If you often find yourself tossing and turning at night, struggling to fall asleep or you simply lie there counting sheep, these tips from health and wellness experts may help you catch the snooze train faster.
Aimee Bauer & Clint Clark | Primal Influence
Up The Amber, Turn Down The Blue
“We have a few ways we like to help us get to sleep. What I notice helps me the most is wearing amber sunglasses from just after sunset, all the way through to bedtime. I have a salt lamp in the bathroom and bedroom which produce amber light, so I wear my sunnies when I'm in between those two rooms and therefore not being exposed to any blue light. Blue light exposure at night disrupts our circadian rhythm and effects our melatonin levels. By completely blocking blue light at night I notice I feel sleepy earlier, more relaxed physically and emotionally, and I sleep better. (Aimee) Clint notices he falls asleep quicker and has a more settled sleep when he's spent most of the day moving. Not a big dose of 'exercise' as such, but more frequent low-level natural movement throughout the day. Walking, some crawling, sitting on the floor, playing at the park, lifting/carrying oddly shaped objects, basically spending less time sitting and performing one type of movement repetitively and adding in more full-body movements. By breaking the day up into more general movement he feels ready for sleep much sooner than a day of just one type of movement/activity or a day sitting for long periods.” Find out more about Primal Influence by following them on Facebook and Instagram.
Amanda Campbell | Bend Like Bamboo
MyDeal Pro Tip:
Lavender is a great sedative to help you sleep. A study conducted at Wesleyan University found that those who sleep with lavender essential oils in the vicinity of their bedroom had a higher vigour when they woke up, increased the slow wave sleep, increased the level of stage 2 NREM sleep (light sleep) and decreased REM sleep. So, if you’re having a restless night, or you don’t feel like your sleep is as satisfying as it could be, why not place some essential oil next to your bed frame?
Sam Beau Patrick | Sam Beau Patrick
Avoid Any Stimulants
“Avoid stimulants before bed. This includes avoiding large amounts of alcohol, coffee, energy drinks, metabolism boosters...Have you gone to bed after a big night only to have a restless sleep? This is often because alcohol is a stimulant but also will play havoc with your blood sugar levels. If you do indulge make sure you have a nice selection of protein before bed (activated nuts, healthy piece of meat, or bean dip). Try to avoid coffee after midday and try to avoid energy drinks and metabolism boosters totally! These are designed to rev your body UP, not down. Even green tea can be too stimulating for some. Try a chamomile tea after dinner to help your body and mind relax.” Find out more about Sam Beau Patrick by following her on Facebook and Instagram.
MyDeal Pro Tip:
Try to force yourself to stay awake. No, hear me out here. A study that was conducted at the University of Glasgow revealed that Paradoxical Intention (PI - and no, not 3.14), where you lay awake with your eyes open and force yourself to stay awake, makes you fall asleep faster. Crazy, right? Reverse psychology is at work here. Obviously, you can’t do this as part of your nightly sleeping routine, but it really can help you fall asleep faster, especially on those nights where you just can’t sleep. So next time you’re in struggle city trying to fall asleep lying on your memory foam mattress topper, keep your eyes open and force yourself awake. You’ll be snoozing in no time.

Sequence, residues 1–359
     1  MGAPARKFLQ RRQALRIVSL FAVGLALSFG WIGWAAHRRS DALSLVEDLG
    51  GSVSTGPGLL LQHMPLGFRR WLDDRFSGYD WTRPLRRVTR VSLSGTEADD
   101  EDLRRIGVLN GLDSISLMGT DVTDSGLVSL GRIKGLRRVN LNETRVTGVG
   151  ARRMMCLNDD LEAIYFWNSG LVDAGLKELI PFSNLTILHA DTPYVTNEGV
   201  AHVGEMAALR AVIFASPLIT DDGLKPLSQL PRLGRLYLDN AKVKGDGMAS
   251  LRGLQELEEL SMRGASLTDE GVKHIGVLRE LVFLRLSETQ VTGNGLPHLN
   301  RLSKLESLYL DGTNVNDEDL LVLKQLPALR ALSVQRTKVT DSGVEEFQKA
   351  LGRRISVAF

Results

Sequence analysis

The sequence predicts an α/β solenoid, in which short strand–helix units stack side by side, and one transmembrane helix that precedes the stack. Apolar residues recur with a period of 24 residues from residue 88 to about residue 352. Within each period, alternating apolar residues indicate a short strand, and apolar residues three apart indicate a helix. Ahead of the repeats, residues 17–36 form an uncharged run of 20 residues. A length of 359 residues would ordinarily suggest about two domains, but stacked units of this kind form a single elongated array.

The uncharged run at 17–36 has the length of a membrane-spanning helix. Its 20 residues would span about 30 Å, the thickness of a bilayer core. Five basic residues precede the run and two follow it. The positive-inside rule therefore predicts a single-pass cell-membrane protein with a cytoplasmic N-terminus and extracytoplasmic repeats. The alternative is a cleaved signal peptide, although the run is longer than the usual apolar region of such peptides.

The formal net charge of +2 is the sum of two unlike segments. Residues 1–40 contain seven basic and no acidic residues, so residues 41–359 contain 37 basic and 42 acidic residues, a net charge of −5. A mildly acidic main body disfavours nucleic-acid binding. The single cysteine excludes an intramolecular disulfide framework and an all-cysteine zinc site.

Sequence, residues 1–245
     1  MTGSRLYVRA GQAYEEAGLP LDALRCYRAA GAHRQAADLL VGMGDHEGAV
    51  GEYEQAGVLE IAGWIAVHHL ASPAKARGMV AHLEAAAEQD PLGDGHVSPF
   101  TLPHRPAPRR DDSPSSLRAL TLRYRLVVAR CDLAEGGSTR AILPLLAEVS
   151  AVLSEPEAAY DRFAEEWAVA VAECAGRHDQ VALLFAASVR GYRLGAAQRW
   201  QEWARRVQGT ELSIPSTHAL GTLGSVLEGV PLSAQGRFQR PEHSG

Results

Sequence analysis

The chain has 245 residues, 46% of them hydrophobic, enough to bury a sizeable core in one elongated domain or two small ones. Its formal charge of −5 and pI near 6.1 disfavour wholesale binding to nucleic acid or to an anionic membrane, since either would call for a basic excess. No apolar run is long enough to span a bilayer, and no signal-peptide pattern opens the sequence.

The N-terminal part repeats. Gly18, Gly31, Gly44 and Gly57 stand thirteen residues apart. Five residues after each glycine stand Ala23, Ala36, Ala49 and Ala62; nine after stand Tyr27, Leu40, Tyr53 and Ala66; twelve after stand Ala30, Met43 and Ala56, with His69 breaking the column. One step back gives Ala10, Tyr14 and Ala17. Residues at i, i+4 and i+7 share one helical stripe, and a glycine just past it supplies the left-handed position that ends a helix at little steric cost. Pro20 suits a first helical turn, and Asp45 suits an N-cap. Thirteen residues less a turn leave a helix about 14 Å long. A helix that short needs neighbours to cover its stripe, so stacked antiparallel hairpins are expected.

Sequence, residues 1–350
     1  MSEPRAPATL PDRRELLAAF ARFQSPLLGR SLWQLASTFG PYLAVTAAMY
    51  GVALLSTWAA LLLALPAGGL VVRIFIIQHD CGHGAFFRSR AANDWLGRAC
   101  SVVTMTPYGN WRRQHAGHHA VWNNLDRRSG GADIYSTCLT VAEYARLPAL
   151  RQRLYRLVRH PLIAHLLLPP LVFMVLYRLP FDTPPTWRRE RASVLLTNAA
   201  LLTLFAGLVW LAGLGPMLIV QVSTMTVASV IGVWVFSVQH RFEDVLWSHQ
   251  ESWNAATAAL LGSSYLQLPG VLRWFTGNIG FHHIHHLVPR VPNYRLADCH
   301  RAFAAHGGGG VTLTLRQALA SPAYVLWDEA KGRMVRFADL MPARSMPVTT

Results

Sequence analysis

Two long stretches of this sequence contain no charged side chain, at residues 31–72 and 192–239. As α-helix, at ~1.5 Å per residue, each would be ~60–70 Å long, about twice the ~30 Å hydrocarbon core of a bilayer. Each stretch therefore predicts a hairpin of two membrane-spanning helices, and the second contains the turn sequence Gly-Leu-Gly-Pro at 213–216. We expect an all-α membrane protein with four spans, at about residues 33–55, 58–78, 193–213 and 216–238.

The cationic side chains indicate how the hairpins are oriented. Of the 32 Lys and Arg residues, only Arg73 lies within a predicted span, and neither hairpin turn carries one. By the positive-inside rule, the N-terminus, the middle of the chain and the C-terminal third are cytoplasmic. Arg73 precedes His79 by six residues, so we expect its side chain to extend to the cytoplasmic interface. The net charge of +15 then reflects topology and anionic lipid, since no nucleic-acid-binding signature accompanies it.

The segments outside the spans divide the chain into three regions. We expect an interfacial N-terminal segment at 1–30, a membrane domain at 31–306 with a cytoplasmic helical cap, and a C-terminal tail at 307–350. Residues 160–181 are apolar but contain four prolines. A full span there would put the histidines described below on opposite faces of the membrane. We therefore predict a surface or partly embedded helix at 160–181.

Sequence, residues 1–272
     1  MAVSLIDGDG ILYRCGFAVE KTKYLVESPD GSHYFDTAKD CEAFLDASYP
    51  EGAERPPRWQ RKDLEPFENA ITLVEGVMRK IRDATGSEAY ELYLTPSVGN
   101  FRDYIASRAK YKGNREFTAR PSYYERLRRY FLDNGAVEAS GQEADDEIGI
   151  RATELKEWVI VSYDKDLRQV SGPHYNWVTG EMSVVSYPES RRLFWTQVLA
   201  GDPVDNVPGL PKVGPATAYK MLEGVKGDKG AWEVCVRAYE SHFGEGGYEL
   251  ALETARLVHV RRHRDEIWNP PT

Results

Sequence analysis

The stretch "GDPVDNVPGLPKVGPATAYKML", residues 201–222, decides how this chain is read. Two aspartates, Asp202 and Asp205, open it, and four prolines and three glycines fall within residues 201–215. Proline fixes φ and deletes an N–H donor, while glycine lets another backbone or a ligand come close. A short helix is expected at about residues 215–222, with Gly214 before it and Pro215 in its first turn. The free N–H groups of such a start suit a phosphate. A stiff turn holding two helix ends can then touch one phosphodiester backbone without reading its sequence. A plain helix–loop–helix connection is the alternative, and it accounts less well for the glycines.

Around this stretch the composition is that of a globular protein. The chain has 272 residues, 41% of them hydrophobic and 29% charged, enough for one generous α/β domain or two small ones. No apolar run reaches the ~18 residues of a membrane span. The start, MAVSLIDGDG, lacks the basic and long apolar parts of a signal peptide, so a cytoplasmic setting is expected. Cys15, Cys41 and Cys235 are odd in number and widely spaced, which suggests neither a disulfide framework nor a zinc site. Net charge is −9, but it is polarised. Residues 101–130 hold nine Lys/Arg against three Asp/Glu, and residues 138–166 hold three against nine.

Sonja Courtis | Sonja Courtis
“Regular meditation to turn off the ‘Monkey Mind’ and over thinking that keeps people awake, is important. Shutting off the thoughts and mind are paramount in being able to relax and get into a good pre-sleep pattern. Listening to relaxing music whilst you are trying to get to sleep, or sleep meditations, there are 100s of free sleep meditations on Spotify, or free apps such as ‘Omvana’ and ‘Smiling Mind’ provide excellent guided meditations. One particularly good one is ‘Binaural Beats for Sleep’ if you look these up on Spotify you can access them for free.” Find out more about Sonja Courtis by following her on Facebook.
Kylie Bevan | Health Wellness Revolution
Listen To Your Circadian Rhythm
“Traditionally, we rose with the sun, and went to bed not long after the sun did. Our modern, fast-paced lives make this tough to desire, let alone achieve. However, if we resist a bedtime that provides a few hours of sleep before midnight, when our sleep-inducing hormone melatonin is peaking, our bodies, in trying to help, provide a ‘second wind’. Unfortunately, this makes it harder to fall asleep once you do head to bed, so it’s the alarm clock waking you up in the morning, not circadian rhythm, where you’d wake naturally, feeling rested and revived. So much nicer a way to start your day, says a person who did the former for 30 years of her life, and has now enjoyed 10 years of the latter, that person being me. Even the subtle blue light on your alarm clock display, or your phone flashing a notification during the night, is enough to disrupt your sleep cycle. Ensure your bedroom is as dark as possible, with block-out curtains, a rubber strip around the door frame if necessary, and no electronic devices, so you can not only fall asleep faster, but benefit from quality rest once you do. On a similar vein, restrict electronic use, such as computers, tablets, TVs and phones, for one hour before bed, or at a minimum use a program to reduce blue light emission, such as Flux.” Find out more about Health Wellness Revolution by following her on Facebook and Instagram.
Avoiding blue light before bed, cutting back on the coffee and reverse psychology can help you fall asleep a lot faster than you’d think. If you’re suffering from insomnia, these tips may help you hit the hay in record time.